- Has attending and participating in programs increased your self-confidence?

- Do you feel that attending has improved memory?

- Has a program or speaker helped you try something new?

- Do you feel a sense of accomplishment as you participate in programs?

- Has membership helped you meet people who share your interests?

- Has any program you attended built on skills you already have?

- Have you tried something new and different as a result of ideas shared at a meeting?

- Do friends and family feel that you have brought something back to share with them?

- Did a meeting or program offer an inexpensive way to try something new?

- Saves money as you learn to "do it yourself" ?

- Did you learn a new skill or trade and increase your income, or enrich your life?

- Have you connected with others in friendship?

This list is by no means exhaustive and while not all questions may apply to you, we hope that in some of these ways you are seeing and contributing to our society as a positive way to keep learning.

- Neil Sinclair

Galactic Federation of Societies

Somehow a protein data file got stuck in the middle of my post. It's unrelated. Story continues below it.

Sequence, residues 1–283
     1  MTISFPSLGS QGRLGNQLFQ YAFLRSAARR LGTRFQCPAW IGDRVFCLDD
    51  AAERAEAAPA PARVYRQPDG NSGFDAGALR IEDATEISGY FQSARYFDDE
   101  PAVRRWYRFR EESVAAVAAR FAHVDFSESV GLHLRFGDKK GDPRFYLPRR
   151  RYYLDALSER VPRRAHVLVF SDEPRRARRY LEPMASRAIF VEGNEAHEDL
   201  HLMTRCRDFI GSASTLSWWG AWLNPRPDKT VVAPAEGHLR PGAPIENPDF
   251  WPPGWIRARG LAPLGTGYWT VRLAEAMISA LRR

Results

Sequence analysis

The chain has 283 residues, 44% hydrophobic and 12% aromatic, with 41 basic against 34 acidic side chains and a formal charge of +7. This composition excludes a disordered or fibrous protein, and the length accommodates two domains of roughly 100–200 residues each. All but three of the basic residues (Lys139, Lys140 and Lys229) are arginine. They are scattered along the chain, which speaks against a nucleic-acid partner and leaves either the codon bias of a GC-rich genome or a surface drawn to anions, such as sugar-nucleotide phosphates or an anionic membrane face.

Mar 1979--John McLeish,

founder of The Ulyssean Society

The Cosmic Connection, an Extraterrestrial Perspective by the brilliant Cornell astronomer Carl Sagan, appeared five years ago, and received wide attention--but not wide enough. There is something immensely stimulating in the writing of a scholar scientist who on the one hand is superbly equipped technically in his field and can write about scientific knowledge of the cosmos almost as a five-finger exercise, and on the other hand whose mind is immensely creative, imaginative, searching for concepts of the cosmos extended outward from the mere data of telescopes and mathematical and physical tracts.

Thus Sagan is not afraid to write in the closing paragraphs of his book: ""I can imagine...a federation of societies in a galaxy that have established a black hole rapid-transit system...I can imagine, in such a galaxy, great civilizations growing up near the black holes..."

Sagan reminds us that we humans are "living out our lives on a tiny hunk of rock and metal circling one of 250 billion stars that make up our galaxy in a universe of billions of galaxies." Thus he seeks to give us the sense of the incredible obscurity of the human species, while at the same time it is impossible to put the book down without a feeling of renewed respect for the achievements and potentials of the human mind. (New York: Anchor Press, 1973)

Guests are welcome at our meetings

Invite your friends, relatives, acquaintances,

fellow students in the courses you take,

members in other groups you are in

Become an active part of your Society

Help it to continue to function well

The Ulyssean mantra - A guiding principle